Iqbal Survé intimately involved in Ayo listing, PIC inquiry told
Businessman Iqbal Survé personally influenced the allegedly inflated valuation of Ayo Technology Solutions ahead of its listing on the JSE in 2017, the company’s chief investment officer testified on Tuesday.
The statement and testimony provided to the inquiry into the Public Investment Corporation (PIC) by Abdul Malick Salie, who was involved in the listing of Ayo as an executive of African Equity Empowerment Investments (AEEI), directly contradicted the testimony of Survé, who controls AEEI and who has previously appeared before the commission.
The JSE recently requested external audit opinions from both Ayo and AEEI, due to evidence presented at the PIC inquiry. AEEI holds 49.36% of Ayo, according to its website.
Ayo’s former chief information officer Siphiwe Nodwele, previously testified at the inquiry that the company had exaggerated its value at the time it was seeking an investment from the PIC, and had given the market misleading information on its revenue prospects. An allegation of accounting manipulation was also put forth by Ayo’s previous CEO, Kevin Hardy, in his testimony before the commission.
Ayo has denied the allegations, saying it will comply with the JSE’s request for an audit opinion.
Salie stated on Tuesday that Survé was personally involved in the listing even though he occupied no executive or board role at the company. He said Survé’s view of the valuation was supported by the work of the AEEI corporate finance team tasked with preparing the company for its presentation to potential investors.
Salie’s first take on the valuation of Ayo led him to an estimate of R2.3bn. Later, and based on the ability of Ayo to identify clients and customers of BT-SA, another ICT company in which AEEI was already invested, the valuation was increased to R5bn.
Salie agreed with evidence leader Jannie Lubbe’s assessment that even this very generous and optimistic figure was effectively based on a “thumbsuck”.
Salie then described a meeting between himself, Khalid Abdulla (the CEO of AEEI) and Survé, in which the draft, pre-listing statement (PLS) was reviewed and which included plans to supplement Ayo with other Sekunjalo Group IT assets. Sekunjalo is a group controlled by Survé’s family trusts.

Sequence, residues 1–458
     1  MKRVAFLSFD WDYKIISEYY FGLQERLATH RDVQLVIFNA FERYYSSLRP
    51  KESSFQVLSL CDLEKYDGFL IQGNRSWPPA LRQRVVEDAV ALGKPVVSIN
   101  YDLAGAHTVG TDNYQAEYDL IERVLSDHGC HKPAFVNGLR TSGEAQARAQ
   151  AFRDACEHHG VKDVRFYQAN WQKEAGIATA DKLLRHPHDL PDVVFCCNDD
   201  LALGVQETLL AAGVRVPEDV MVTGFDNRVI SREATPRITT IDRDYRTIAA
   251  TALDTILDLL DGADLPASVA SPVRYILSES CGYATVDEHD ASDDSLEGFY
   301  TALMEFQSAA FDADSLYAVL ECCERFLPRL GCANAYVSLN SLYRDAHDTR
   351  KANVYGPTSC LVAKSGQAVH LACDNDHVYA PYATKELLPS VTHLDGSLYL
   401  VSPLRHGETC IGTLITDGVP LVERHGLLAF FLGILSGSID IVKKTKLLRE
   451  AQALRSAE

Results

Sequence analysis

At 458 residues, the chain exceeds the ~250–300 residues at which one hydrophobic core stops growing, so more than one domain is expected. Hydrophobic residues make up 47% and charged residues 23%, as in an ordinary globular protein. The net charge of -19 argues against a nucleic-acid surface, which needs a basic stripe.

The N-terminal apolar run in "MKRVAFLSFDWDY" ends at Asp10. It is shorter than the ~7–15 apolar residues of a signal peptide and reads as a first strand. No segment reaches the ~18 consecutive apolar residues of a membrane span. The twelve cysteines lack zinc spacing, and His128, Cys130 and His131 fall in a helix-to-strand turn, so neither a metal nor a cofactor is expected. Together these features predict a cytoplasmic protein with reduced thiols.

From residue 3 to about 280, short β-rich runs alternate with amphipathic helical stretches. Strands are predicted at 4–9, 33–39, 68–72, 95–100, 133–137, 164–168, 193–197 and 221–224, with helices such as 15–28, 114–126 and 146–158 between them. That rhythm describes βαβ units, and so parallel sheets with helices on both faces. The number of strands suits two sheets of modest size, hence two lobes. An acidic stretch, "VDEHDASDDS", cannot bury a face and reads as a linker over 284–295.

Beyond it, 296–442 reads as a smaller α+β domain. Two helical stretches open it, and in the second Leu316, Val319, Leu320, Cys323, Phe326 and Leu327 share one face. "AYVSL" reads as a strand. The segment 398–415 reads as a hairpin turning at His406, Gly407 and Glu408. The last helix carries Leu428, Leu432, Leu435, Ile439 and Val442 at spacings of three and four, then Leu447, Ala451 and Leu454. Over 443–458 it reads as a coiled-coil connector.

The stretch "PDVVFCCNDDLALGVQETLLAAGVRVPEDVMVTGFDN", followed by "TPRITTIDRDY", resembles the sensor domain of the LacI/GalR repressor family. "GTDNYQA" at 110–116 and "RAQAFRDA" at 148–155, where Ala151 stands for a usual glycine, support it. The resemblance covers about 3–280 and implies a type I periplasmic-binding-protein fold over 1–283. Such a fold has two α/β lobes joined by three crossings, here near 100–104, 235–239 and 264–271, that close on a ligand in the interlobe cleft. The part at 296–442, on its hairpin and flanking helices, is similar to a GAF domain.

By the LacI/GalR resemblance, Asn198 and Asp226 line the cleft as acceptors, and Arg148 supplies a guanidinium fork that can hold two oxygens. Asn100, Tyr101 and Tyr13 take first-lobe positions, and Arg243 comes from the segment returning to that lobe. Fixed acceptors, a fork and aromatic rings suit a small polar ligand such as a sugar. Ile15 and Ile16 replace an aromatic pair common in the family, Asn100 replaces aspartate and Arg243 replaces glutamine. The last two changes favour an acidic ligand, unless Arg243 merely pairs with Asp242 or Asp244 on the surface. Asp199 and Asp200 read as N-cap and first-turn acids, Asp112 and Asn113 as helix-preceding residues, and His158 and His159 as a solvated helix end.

“Survé was was of the view that the desired value of Ayo be set between R10bn and R15bn,” Salie testified. “At the meeting, Survé’s recommendations were incorporated in the draft PLS and a valuation of R13bn was determined.”
Ayo would later list at R43 a share, with the PIC paying R4.3bn for a 29% stake in the company. This effectively valued Ayo at R14.8bn. The PIC was the only buyer of shares sold at the listing.
The PIC, which manages more than R2-trillion in assets on behalf of the Government Employees Pension Fund (GEPF) and other social security funds, has been embroiled in numerous controversies that include allegations of corruption against a number of its directors, prompting the entire board to resign in February.
On Tuesday, Salie also described being privy to discussions held between Survé and former PIC CEO Dan Matjila long before the listing was even made public.
“I was present on a conference call in which [Survé told Matjila] we have a roadmap for this listing and the team would come and discuss it [with the PIC] at a later stage. This took place around the end of July 2017,” says Salie.
“Was this even before the finalisation of the valuation, and before even a draft PLS statement had been produced?” asked evidence leader, Jannie Lubbe. “Yes, that is correct,” replied Salie.
Salie resigned as an executive director of Ayo in early May. Ayo said at the time that “Malick will, however, remain as an employee of Ayo in a senior management role and will continue to oversee all of the company’s investment activities.”
Ayo said on Tuesday that Salie's statement to the commission was made “in his personal capacity and... without the knowledge or input of the company”.
It said his statement was not reviewed or reported on by Ayo's auditors and the company was not aware of the basis on which he derived his figures.